I think that people who make a lot of money - and I do - should certainly give a considerable amount of it away.

I wouldn't be young again even if it were possible, but I am not going to pretend that growing old is all sweetness and light.

I think to be driven to want to kill must be such a terrible burden.

In 'The Blood Doctor,' I wrote about the history of haemophilia and the devastating effects of the disease at a time when there was no remedy.

Violence is very much with us, and we like to see it. I doubt if you can change that, and I'm not sure you should want to. I have occasionally been very upset by something I was writing, but it's quite rare: I keep my writing very separate from my life.

I don't know that I am fascinated with crime. I'm fascinated with people and their characters and their obsessions and what they do. And these things lead to crime, but I'm much more fascinated in their minds.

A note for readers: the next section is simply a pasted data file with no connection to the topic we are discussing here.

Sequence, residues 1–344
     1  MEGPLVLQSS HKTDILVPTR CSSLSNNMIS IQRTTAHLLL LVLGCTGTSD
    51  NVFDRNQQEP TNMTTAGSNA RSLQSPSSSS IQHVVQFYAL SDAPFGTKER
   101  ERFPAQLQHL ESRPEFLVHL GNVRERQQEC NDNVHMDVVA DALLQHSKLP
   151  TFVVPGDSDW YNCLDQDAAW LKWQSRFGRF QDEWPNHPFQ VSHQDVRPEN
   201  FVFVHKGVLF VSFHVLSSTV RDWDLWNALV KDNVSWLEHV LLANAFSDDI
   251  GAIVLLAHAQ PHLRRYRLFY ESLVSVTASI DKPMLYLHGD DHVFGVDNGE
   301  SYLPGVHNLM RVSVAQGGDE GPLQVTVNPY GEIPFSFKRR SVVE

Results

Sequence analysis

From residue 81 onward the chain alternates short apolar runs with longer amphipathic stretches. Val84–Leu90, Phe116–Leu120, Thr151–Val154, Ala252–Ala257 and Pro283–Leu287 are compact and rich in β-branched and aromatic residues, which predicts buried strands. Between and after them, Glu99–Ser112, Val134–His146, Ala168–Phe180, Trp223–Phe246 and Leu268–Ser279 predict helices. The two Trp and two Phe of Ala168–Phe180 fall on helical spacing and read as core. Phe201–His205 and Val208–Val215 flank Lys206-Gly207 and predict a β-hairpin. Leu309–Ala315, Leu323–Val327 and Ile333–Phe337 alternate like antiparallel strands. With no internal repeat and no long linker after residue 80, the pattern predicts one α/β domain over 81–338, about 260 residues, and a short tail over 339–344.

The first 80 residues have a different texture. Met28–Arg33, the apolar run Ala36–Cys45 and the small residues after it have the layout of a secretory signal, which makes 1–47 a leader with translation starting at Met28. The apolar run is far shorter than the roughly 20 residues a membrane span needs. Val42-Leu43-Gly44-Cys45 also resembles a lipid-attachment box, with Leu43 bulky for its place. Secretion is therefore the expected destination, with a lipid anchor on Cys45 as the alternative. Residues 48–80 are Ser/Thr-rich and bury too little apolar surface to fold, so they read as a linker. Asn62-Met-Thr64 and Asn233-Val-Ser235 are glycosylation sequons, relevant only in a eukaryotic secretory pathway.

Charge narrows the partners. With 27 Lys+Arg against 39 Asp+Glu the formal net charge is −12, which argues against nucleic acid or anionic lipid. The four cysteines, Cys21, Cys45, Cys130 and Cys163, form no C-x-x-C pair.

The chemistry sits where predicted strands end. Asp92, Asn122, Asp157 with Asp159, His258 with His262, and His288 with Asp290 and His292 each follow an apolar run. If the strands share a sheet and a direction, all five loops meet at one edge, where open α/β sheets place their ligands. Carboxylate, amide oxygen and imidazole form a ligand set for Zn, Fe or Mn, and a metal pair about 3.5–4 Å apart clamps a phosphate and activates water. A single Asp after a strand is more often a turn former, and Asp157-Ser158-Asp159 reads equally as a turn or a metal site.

Both my parents had strokes. My father had several, but the last one was fatal. It's a horribly disabling bug, a stroke.

We, people, are so very, very complicated that no matter how well drawn a fictional character is, they can't get anywhere near as complex as a real person.

I always write about what interests me.

I - I love being told by people that they enjoy my books, and I think that's really very nice.

I don't care for people who are given peerages who have paid for them. I think it happens, and I don't like that.

I've never met a murderer as far as I know. I would hate to.

I'm a very bad Christian, but I am a Christian. I think that all women, unless they are absolutely asleep, must be feminists up to a point. And socialist, well yes, of course, it's not a fashionable word, but I am very much of the Left.

The treatment of patients with contaminated blood has been described as one of the most tragic episodes in the history of the NHS.

I've done the big 12-city tours, and I'm never going to do that again - never. I was younger then. It wears you out, you know.

I went into a church and simply said, 'Goodbye.' It is the terrible unfairness of life. How could God allow cancer, poverty, the sheer unfairness of so many lives? That is the question which finishes it for me.